Wasatch Mountains

4 Days   •   130 Miles

Ski City Downhill + Downtown

Salt Lake City isn't your regular ski town. It's the only Ski City. Big city amenities support 10 different resorts within an hour of SLC International, which means the best in downhill meets the best in downtown.
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Explore the itinerary, then start planning your Utah ski vacation.

Salt Lake City isn't your regular ski town. It's the only Ski City. With big city, world-class amenities galore and 10 different resorts within an hour of Salt Lake City International Airport (SLC), a trip to Ski City can satiate any skier's or snowboarder's bucket list, whether you come just for the weekend or add on some additional days.

Why Ski City? Salt Lake City provides all the landmark establishments, high-rated dining and nightlife, mass transit, creative culture, urban edginess and local events you expect to find in a thriving metro area, with the convenience and affordability of a place that hasn’t been discovered by the masses. Salt Lake's official elevation is 4,330 feet (1,320 meters) above sea level, giving it a mountain town quality without the overload of quietude. We call this Life ElevatedⓇ.

Looking to the east, the foothills quickly give way to the airy 11,000+ feet peaks of the Wasatch Mountains, home to the Cottonwood Canyons and world-renowned ski areas of AltaSnowbirdBrighton and Solitude, all within less than an hour's drive from downton Salt Lake. And while each resort offers slopeside accommodations running the full spectrum of amenities and budget, you can also ski like a local and make the easy run back down the mountain for dinner, a drink, a concert, a show, a Utah Jazz game or whatever suits your mood.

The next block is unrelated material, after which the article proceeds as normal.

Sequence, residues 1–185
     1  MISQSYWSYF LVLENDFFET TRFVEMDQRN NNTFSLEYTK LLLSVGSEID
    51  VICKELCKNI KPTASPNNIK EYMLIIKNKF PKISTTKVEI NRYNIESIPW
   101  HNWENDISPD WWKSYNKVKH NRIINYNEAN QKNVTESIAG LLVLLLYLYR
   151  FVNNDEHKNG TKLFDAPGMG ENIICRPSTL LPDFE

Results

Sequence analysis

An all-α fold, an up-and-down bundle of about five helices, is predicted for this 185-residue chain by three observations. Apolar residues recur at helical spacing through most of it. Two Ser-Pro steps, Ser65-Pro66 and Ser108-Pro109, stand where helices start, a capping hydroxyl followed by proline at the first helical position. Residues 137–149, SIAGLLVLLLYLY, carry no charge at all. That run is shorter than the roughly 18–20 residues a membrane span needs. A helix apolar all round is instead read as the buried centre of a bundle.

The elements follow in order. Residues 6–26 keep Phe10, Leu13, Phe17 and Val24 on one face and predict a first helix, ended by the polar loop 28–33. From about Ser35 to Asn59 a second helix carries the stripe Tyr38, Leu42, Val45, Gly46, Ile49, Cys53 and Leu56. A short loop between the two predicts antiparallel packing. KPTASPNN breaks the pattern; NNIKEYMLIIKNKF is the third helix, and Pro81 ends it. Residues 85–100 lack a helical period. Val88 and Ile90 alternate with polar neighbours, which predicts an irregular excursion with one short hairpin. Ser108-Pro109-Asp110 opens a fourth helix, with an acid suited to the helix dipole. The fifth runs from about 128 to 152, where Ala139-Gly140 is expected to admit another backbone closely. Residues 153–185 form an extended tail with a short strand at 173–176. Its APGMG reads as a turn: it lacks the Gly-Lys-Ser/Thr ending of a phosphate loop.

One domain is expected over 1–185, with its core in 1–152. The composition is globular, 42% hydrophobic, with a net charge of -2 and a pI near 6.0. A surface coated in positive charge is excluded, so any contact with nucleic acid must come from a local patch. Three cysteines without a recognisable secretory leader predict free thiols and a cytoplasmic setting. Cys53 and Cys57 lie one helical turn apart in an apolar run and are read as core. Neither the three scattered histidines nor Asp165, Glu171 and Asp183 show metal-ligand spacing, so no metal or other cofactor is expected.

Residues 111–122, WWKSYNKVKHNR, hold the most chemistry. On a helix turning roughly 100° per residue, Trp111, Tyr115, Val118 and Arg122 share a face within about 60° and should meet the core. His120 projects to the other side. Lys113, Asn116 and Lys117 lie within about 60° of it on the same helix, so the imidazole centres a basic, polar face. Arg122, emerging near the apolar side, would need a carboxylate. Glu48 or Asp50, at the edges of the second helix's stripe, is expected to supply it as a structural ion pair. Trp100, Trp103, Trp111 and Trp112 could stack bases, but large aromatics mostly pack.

While we've set you up for a weekend of skiing options, we've given you enough ideas to fill at least four days, whether or not you ski everyday and whether you choose to apply your skills at a single resort or try sampling all four. (For the latter choice, we recommend the Ski City Super Pass, a lift ticket multipass for the Cottonwood Canyon resorts loaded with deals and discounts.)

How to use this itinerary:

  • Day 1, we've filed an overview of Salt Lake City's coffee, dining and drinks. In other words, the essentials.
  • Days 2 and 3 offer up ideas for two days of skiing the backyard Wasatch Mountains that can easily expand to four or more.
  • Day 4 rounds out the itinerary's options with a few more stories about the city's culture, urban vibe and events.

Day 1

Dining and Drinks

5 Miles

While this isn't intended to occupy an itinerary day, visitors to Salt Lake could certainly spend a day exploring the best in craft coffee, cuisine and cocktails alongside a chocolate and cheese tasting or a trip to one of multiple local breweries or brewpubs.

Start your day getting to know the city's caffeinated brew scene in More Than Coffee, then take a fantasy journey through Salt Lake City's best eats. In its World’s Best 2021 Awards survey, Travel + Leisure cited Salt Lake City’s “booming food and drink scene” as a reason why readers love traveling to Utah.

Finish things up with a distillery tour for a behind-the-scenes look at craft distillation in Utah or drop into one of downtown Salt Lake's popular cocktail bars to see these libations put to work.

Day 2

Downhill to Downtown

60 Miles

Little Cottonwood Canyon (LCC) offers quick metro-to-mountain access and the option to pick a single resort, purchase a combined lift ticket, such as Alta-Bird, or a multipass, including Ikon or Ski City Super Pass. You’ll also find plenty of retail or rental gear outfitters if you don’t have your own equipment. If you’re worried about winter driving or powder day traffic in LCC, take advantage of the affordable Cottonwood Connect Ski Shuttle or try the UTA Ski Bus, which is free with most passes and a great way to find out from Utah’s friendly powderhounds where to find the best snow.